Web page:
Another polarity seen in popular images of psychologists touches on the issue of morality. In the television series The Sopranos, mafia boss Tony Soprano begins seeing a psychiatrist, Dr. Jennifer Melfi. Dr. Melfi is in many ways a more realistic portrayal of a typical psychotherapist than any I have discussed so far. She is continually concerned about the ethical lines she might cross in her relationship with Soprano, often turning to a colleague for advice and perspective, and agonizing over the small breaches of ethical protocol she inevitably finds herself committing. In contrast to this, we find Dr. Vogel in the Showtime series Dexter. Dexter (the title character) is a psychopath who works as a forensic expert for the Miami police department. He relieves his compulsion to kill by following “The Code” handed down to him by his father, who was a police officer. The Code requires Dexter to only kill other serial killers who have escaped justice and will clearly kill again, thus making his condition serve the public good. In the final season we meet a psychiatrist named Dr. Evelyn Vogel. We then learn that Dr. Vogel was approached by Dexter’s father when Dexter’s psychopathy began to manifest as a child, and that it was Dr. Vogel who created “The Code”.
Dexter: Dr Vogel and Dexter
Dr. Vogel is decisive, confident and willing to gamble with not only the mental health, but the very lives of others, in order to manifest her vision. We see in Dr. Vogel not a therapist, but rather a sort of psychiatric mad scientist. It speaks to a very cynical view of the Psychiatric profession.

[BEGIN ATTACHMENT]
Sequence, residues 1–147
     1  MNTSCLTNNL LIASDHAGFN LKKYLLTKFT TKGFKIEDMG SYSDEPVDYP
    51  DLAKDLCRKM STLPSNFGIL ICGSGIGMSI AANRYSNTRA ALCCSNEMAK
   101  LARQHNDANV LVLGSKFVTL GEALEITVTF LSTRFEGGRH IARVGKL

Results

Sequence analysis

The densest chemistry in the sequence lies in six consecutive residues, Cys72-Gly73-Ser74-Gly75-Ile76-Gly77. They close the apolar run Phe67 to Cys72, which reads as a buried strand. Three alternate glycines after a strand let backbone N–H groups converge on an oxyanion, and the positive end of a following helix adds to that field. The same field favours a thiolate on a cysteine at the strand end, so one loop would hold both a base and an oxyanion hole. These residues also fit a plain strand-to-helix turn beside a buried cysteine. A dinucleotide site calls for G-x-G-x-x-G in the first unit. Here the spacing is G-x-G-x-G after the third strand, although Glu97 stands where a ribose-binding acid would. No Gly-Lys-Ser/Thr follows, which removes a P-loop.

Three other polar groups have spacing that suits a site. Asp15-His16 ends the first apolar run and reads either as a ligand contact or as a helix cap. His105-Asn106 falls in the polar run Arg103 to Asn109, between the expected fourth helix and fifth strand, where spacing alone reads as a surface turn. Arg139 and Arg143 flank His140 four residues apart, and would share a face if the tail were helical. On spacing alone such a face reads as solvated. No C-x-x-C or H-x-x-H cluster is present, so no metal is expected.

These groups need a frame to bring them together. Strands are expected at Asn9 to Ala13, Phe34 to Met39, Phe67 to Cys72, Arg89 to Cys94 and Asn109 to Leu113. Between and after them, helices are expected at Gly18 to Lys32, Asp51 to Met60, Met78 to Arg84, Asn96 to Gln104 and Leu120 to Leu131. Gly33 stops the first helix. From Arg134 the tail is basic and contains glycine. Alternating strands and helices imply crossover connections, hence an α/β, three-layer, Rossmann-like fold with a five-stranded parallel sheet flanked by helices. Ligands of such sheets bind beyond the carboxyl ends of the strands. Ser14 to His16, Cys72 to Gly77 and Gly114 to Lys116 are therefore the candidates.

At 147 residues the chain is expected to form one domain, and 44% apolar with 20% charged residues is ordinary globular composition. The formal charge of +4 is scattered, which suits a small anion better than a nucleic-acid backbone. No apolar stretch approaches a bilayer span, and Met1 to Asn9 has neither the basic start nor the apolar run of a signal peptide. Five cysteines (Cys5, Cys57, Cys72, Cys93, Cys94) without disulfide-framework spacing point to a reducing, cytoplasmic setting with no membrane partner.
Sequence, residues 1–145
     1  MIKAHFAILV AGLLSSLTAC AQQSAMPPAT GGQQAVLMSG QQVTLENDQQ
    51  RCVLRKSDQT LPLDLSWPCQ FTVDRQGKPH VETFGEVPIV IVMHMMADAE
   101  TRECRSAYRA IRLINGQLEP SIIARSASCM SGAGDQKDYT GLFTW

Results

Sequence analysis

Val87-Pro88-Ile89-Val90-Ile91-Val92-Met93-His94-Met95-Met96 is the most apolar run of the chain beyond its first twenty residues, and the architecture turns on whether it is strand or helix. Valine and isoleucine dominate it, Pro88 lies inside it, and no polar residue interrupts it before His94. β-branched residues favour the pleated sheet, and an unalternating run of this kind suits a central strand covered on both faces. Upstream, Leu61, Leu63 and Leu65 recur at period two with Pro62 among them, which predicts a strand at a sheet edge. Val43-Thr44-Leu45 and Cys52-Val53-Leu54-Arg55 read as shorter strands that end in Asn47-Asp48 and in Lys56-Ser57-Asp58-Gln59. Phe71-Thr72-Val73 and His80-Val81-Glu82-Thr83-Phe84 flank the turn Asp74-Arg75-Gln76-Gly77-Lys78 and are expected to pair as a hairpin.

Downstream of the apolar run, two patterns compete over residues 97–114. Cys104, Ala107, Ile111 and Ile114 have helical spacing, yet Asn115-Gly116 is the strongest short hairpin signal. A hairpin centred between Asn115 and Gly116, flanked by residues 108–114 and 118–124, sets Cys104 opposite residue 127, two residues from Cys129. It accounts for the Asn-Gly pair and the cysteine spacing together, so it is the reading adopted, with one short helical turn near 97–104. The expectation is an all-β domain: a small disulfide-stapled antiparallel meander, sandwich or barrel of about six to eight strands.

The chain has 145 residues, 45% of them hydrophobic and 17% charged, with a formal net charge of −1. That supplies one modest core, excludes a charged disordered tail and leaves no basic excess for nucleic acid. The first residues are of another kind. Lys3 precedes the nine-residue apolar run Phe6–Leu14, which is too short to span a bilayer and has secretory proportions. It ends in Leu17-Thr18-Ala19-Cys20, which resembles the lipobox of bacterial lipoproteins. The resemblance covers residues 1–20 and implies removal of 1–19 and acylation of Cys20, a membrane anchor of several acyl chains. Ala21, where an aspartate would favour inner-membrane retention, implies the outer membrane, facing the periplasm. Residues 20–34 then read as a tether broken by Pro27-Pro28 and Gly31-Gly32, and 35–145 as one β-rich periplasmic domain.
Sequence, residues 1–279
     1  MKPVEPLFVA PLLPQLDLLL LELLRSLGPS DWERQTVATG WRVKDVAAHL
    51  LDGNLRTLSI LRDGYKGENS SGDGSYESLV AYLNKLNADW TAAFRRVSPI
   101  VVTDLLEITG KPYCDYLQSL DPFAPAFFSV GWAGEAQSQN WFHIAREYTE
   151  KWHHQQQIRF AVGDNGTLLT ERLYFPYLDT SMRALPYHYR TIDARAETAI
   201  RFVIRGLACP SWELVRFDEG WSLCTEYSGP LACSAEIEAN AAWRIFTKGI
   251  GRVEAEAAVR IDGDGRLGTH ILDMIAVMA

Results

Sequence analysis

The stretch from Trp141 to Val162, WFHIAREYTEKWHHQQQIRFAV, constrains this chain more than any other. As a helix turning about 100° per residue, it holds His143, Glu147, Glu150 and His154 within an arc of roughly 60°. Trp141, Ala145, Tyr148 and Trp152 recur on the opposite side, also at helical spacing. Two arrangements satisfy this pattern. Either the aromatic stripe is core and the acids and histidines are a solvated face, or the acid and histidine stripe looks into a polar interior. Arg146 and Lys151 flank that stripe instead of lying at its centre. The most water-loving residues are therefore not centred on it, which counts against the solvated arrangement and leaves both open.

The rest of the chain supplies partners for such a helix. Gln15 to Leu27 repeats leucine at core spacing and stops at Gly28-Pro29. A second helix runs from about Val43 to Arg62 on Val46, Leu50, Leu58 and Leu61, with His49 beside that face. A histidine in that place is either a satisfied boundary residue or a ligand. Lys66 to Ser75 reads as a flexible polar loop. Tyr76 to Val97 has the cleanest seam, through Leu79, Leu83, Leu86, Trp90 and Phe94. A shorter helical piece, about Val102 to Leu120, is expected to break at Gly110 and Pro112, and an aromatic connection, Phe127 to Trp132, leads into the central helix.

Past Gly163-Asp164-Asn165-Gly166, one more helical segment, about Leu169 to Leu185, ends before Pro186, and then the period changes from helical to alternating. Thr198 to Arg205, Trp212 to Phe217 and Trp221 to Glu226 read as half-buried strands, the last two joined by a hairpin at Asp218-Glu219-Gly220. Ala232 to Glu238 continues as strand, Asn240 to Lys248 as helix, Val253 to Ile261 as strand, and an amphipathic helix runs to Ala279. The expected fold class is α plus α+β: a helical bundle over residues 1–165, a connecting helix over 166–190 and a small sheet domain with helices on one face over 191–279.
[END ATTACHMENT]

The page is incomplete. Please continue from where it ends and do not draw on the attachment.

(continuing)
In class I was taught to identify the purpose of a media presentation, and I think the purpose of Dr. Vogel’s character is to highlight the moral dilemma that Dexter embodies by showing his creator, a cold, but still sympathetic character who pays the ultimate price for her gamble in the end as she is murdered by one of her patients. Dr. Vogel jolts us out of an assumption that psychologists and psychiatrists follow a strict code of ethics, and in this case it is revealed that Dr. Vogel has thrown away her own code of conduct in order to give one to Dexter. There is compelling justification given for this course of action however: Dexter is a psychopath, and there was little hope of actually curing him, so given the choice of either committing him to a life of institutionalization or allowing him to kill until he was stopped by the police, Dr. Vogel chose a third option; to channel his condition in a way that served the public good by programming him to kill only other killers. This decision by itself will divide an audience, as some will favor the effectiveness and efficacy of vigilante justice where others will be appalled. To increase the tension even more, we have a long history with Dexter by this point in the series, and know him to be basically kind, likeable and well-intentioned. This clouds our vision and makes us forget that he has also mistakenly killed the wrong man once, and innocents have died in order to protect his secret. We also overlook that he has repeatedly sabotaged police investigations in order to prevent killers from being apprehended so that he could take their lives himself.